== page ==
Over 14,000 educators across the state of California gathered for the first California Teachers Summit taking place at 33 colleges and universities. In an effort to empower those in attendance, part of the day was designed to bring the Edcamp unconference model in and allow voice and choice.
You may be wondering why I was involved if I’m not a California teacher. Well, my friends in the Bay Area have already adopted me…AND the Edcamp Foundation asked me to help. How could I say no to a trip to Bakersfield at the end of July?
Friday was truly a special day for the 500+ attendees at CSU Bakersfield because I got to introduce them to Edcamp. The CSU Bakersfield staff were a little anxious about the two hour chunk of time that had no set schedule, but I promised them that they could trust me to help guide everyone and to also trust the process. Sure, there were people that were uncomfortable. There were also skeptics. But I saw a session board grow in front of my eyes in five minutes and I knew that they were ready. With the reminder to contribute to the conversation, use the rule of two feet, and a little luck…they were sent on their way. As I walked the campus making my way into a variety of sessions, I could feel the energy. It was electrifying. It was invigorating. People were sharing, taking notes, and learning.
As we ended our time, there were takeaways shared through a Padlet. The overwhelming majority of comments were positive and reflected the same energy that I witnessed. As the day drew to a close, all attendees were once again asked to reflect on their day and share their thoughts with the group. Several people highlighted choice of learning, getting the opportunity to learn from others, sharing best practices, and building community. It is through the California Teacher Summit and the Edcamp unconference that these highlights came to be. Because, we are better together.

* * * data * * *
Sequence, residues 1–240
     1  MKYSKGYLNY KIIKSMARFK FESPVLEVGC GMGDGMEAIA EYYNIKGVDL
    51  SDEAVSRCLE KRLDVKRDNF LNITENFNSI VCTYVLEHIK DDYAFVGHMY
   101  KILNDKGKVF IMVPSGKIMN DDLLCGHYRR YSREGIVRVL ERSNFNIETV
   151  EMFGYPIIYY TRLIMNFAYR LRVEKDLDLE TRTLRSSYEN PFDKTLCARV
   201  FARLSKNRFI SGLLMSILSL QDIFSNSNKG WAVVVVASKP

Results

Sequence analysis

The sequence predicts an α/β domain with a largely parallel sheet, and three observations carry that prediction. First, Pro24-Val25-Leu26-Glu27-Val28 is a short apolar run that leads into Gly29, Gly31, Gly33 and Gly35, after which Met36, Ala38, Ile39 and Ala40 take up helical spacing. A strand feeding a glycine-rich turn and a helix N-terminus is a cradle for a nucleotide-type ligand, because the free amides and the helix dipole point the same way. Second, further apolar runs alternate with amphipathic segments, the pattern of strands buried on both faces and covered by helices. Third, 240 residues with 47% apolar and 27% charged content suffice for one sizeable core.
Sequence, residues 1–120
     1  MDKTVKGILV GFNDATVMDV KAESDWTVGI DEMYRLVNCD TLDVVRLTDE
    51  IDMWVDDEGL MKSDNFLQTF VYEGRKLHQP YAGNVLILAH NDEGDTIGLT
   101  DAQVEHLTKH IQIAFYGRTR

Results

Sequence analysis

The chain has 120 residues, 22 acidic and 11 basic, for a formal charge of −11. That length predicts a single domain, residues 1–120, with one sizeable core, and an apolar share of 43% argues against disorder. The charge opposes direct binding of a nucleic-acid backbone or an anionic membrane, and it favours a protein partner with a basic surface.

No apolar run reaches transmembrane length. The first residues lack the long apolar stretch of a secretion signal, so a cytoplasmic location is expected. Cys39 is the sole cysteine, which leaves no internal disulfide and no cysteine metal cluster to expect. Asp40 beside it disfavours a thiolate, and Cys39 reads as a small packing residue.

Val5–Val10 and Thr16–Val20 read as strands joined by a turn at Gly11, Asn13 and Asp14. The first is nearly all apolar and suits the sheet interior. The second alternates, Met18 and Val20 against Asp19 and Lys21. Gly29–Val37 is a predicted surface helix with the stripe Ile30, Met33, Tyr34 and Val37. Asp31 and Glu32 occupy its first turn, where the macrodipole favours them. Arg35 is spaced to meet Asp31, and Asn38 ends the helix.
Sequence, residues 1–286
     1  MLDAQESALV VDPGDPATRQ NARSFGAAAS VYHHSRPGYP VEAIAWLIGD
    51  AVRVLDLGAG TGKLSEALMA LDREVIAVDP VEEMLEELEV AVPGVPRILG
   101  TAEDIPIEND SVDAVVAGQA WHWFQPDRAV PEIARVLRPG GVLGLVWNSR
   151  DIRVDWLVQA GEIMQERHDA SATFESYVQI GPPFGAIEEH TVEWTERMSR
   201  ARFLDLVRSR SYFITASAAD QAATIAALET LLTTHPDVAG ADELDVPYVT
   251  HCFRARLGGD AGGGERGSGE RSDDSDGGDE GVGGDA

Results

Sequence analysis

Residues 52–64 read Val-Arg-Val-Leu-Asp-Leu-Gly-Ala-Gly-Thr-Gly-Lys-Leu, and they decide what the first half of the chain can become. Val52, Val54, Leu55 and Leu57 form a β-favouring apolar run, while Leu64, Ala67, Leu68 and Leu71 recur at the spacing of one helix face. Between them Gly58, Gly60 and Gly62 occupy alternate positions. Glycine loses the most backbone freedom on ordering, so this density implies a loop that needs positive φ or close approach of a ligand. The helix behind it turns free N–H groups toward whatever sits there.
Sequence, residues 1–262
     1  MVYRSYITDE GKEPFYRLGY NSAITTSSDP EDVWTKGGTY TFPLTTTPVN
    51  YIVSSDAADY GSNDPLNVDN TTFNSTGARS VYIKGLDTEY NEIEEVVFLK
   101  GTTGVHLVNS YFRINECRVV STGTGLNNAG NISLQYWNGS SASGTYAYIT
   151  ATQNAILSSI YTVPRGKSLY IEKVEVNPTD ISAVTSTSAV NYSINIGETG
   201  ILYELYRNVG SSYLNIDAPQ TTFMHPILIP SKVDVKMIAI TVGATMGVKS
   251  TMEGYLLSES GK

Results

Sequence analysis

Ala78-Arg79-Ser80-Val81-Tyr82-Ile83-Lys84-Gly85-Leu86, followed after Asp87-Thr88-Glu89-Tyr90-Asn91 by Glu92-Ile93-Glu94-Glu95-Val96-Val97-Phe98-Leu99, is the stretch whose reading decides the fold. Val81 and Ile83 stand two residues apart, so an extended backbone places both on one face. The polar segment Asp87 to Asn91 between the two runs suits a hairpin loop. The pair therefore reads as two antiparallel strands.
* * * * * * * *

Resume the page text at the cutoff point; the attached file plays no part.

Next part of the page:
There are over 14,000 educators that experienced a little slice of an Edcamp; And for that, my heart is happy.
The past few weeks have afforded me the opportunity to attend several great conferences where I was able to learn, connect, and share. It’s so refreshing to be able to do all of those things. Which made me question why it was so great to be able to do ALL three and not one over the other.
Learning: I love learning because I never want to stop soaking up all the knowledge and goodness of this world.
Connecting: I love connecting because my social being craves interactions with others. Tell me your dreams, your ideas, or your mistakes. I will share mine. We can learn from one another and develop deeper relationships.
Sharing: I love sharing because this world can already be such a selfish place, so I want to give back to those that shared with me and beyond. Much like Dean Shareski has said, it is our moral imperative to share. We can learn so much from sharing, so let’s do it.
I am thankful for the friends and colleagues that allowed me to learn, connect, and share at SETDA, ISTE, and Sugar Valley Tech Summit. I continue to grow as an educator, leader, and person because of you.